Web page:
Job advertising: how to market jobs and win top talent

There is a lot more to job advertising than simply writing a few paragraphs. My not so favourite tasks – the pasting a whole job description and posting on a job board – also don’t sum up. Many employed in the fields of advertising and marketing can attest that our careers are beyond knowing how to write a job advertisement.

If not done properly, you will then experience a mix of results ranging from too few responses, wrong candidates applying, too many wrong candidates, or no ideal candidates applying. There are 15 key ingredients…

[read more=”Click here to Read More” less=”Read Less”]

Job advertisement and marketing tips

job advertisingWhen selling a house, you only need one buyer. However in recruitment, you not only need one buyer, you actually need ‘the ideal buyer’.

Because you want to recruit the right candidate, you must create the most compelling message and offer. Then make sure you target the right candidates.

You must maximise the exposure of your message so that you capture the widest yet most targeted audience. There are many key ingredients that will ensure the success of your job advertisement. However, get any one of these wrong and you risk losing valuable candidates.

My job advertising strategy

In over 18 years of recruiting and job ad copywriting, here are the 15 key areas that have allowed me to get great results for clients:

How to write a job advertisement

  1. Have a well-defined Position Description including salary range & benefits
  2. Have a Person Specification with 3-6 essential and preferable skills  and attributes
  3. The Job Title must be meaningful, descriptive and marketable
  4. Create a compelling 150 character teaser (or “lead-in”) to capture the attention of job seekers. Then give them a reason to “click through” to the main advertisement
  5. Craft up 3 compelling bullet points that best describe the opportunity and benefits of applying
  6. In the body of the advert describe the company, why it exists, what it does and points of difference – what is the culture and why would the reader want to work there?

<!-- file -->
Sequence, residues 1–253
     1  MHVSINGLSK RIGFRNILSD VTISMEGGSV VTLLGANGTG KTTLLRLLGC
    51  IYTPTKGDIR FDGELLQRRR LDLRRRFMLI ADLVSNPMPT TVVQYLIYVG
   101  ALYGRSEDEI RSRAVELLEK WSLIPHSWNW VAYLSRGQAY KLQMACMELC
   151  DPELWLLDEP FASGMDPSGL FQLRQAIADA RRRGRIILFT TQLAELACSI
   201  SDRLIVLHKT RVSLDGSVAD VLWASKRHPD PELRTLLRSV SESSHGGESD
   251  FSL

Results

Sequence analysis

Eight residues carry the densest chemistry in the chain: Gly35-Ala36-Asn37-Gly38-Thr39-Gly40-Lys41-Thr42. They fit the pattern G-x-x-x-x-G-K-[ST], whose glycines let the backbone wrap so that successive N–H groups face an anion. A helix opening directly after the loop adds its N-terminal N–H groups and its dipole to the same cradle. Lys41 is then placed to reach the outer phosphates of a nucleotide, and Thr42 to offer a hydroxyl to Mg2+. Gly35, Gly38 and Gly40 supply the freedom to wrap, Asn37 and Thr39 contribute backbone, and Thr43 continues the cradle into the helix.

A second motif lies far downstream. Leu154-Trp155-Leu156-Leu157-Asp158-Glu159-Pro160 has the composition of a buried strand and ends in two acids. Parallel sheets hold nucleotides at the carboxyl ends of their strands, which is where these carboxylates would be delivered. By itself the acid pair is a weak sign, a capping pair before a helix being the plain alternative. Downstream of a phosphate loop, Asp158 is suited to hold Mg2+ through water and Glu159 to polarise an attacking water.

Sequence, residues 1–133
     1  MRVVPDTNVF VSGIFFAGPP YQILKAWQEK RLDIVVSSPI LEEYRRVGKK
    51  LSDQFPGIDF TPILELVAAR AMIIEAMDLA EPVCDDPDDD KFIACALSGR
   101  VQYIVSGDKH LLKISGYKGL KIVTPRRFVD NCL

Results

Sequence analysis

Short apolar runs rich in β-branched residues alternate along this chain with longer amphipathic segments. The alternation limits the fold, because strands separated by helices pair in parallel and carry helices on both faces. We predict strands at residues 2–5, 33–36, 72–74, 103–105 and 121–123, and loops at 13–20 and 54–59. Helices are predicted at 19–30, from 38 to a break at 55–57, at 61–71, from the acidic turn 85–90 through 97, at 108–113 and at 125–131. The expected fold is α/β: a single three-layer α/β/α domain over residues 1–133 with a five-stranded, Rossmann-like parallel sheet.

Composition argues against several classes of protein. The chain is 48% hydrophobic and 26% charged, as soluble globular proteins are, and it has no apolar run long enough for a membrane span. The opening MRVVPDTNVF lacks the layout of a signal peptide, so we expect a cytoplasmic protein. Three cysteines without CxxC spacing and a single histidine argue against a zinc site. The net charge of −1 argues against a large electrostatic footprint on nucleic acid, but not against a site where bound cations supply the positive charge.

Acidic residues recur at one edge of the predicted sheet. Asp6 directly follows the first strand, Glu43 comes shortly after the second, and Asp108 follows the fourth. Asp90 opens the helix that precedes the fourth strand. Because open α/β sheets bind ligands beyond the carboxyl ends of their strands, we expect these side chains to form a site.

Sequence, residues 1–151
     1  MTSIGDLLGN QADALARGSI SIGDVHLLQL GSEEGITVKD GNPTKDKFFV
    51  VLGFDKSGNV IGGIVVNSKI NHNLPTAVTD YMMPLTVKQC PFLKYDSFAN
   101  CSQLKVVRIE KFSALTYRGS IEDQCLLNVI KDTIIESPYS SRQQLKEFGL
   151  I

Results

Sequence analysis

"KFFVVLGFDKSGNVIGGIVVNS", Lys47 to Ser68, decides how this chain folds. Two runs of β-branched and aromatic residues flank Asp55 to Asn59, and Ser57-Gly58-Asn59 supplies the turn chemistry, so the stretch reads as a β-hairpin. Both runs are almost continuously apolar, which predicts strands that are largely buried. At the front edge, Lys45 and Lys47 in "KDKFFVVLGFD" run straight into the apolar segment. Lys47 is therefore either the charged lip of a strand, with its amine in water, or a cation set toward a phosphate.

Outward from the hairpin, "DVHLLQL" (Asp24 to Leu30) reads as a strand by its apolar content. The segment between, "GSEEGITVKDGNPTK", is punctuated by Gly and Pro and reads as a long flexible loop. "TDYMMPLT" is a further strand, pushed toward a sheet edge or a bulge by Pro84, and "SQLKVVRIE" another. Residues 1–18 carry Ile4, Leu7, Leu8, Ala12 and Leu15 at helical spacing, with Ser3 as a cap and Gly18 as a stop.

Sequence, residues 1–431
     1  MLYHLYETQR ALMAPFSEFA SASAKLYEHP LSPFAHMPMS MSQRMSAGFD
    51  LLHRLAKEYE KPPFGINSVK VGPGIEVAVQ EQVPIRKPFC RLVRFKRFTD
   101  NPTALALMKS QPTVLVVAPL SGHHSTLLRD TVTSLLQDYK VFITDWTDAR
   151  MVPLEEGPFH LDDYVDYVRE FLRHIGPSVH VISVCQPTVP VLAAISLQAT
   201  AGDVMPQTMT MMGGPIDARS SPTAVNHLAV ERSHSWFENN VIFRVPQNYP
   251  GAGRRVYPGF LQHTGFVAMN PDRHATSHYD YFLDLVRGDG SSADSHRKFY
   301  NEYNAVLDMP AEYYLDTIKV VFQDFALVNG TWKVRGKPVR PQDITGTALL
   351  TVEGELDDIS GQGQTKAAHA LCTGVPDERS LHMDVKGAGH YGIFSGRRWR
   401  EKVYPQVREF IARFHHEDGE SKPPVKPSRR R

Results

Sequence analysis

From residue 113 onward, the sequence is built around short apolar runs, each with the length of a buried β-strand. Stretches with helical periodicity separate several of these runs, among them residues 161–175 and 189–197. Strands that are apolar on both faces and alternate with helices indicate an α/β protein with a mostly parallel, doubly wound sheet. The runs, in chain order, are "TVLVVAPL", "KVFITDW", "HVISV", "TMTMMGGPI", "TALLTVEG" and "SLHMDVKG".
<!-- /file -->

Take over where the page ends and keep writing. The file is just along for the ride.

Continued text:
7. Describe the job opportunity and summarise why it exists and what it does.

Job advertising in action

  1. Selection Criteria: Describe the key skills and attributes required to successfully undertake this role

    job advertising and marketing

    Reader hit in the face. Shocking assault causes an emotional response.

  2. Provide a closing date and any other information to help candidates apply
  3. Select the job location, job classification and subclassification. Research all the available classifications and sub-classifications
  4. Check to see if there are additional locations, job classifications and sub-classifications relevant to this job and be prepared to use more than one to capture the market
  5. Research comparative jobs to ensure your salary level is competitive
  6. If your remuneration package is competitive, publish it to generate a higher response rate. If it is marginally or less competitive, do not publish it
  7. Enter the engagement method (eg part-time, full time, casual, fixed term contract etc)
  8. Is the job board you are using where your preferred candidates ‘hang out’? Some of the best candidates don’t apply via major job boards. Therefore, posting on multiple job boards will ensure your exposure to the widest applicable candidate markets

For more information on how to craft compelling and effective job advertising, contact Neil at 1300Hired. [/read]

Employee turnover costs and how to avoid them

Employee turnover is disruptive, expensive and has both tangible and intangible effects.

employee turnover cost iceberg staff

The cost of employee turnover is like an iceberg.

Like in an iceberg, the tangible effects are visible above the water. Meanwhile, the intangible effects appear underneath, less visible yet often quite larger than it seems.

Staff turnover is more than filling up a job vacancy due to attrition. In fact, the costs exceed the average cost to hire a new employee.


[read more=”Click here to Read More” less=”Read Less”]

How expensive can a turnover be?

Aside from measuring how much it costs to hire and train a new employee, other factors to employee turnover also exist. When added up staff turnover can cost as much as 1-2 times an employee’s salary or $50k-$100k on average per hire. Here are some more interesting pointers: 

  • When measuring attrition cost, anticipate that the expense of employee turnover varies within the organisation. The costs of replacing an employee rise from entry-level to more senior management and executive positions.
  • While hiring expenses go up the ladder, employee turnover cost goes up, too. Hence, for the CEO of a major corporation, the price can be in the millions as reflected in the share price and market capitalisation.
  • In the Australian construction industry, turnover costs around twice the profit generated by an employee.

Strategies to reduce employee turnover

Excessive staff turnover distracts management, can eliminate profit and cause business failure.

Hence, how do we minimise the hefty cost of replacing an employee? 

  • Have a strong and supportive culture
  • Have strong leadership and management aligned with your work culture
  • Recruit the right people
  • Implement strategies to engage and retain the right staff
  • Have strategies to engage all disengaged staff
  • Have strategies to reduce actively disengaged staff

Employee retention now becomes a big issue. Let us turn the tide and avoid the iceberg that may soon sink our ships. For more information on how to reduce Staff Turnover costs, contact Neil at 1300Hired. [/read]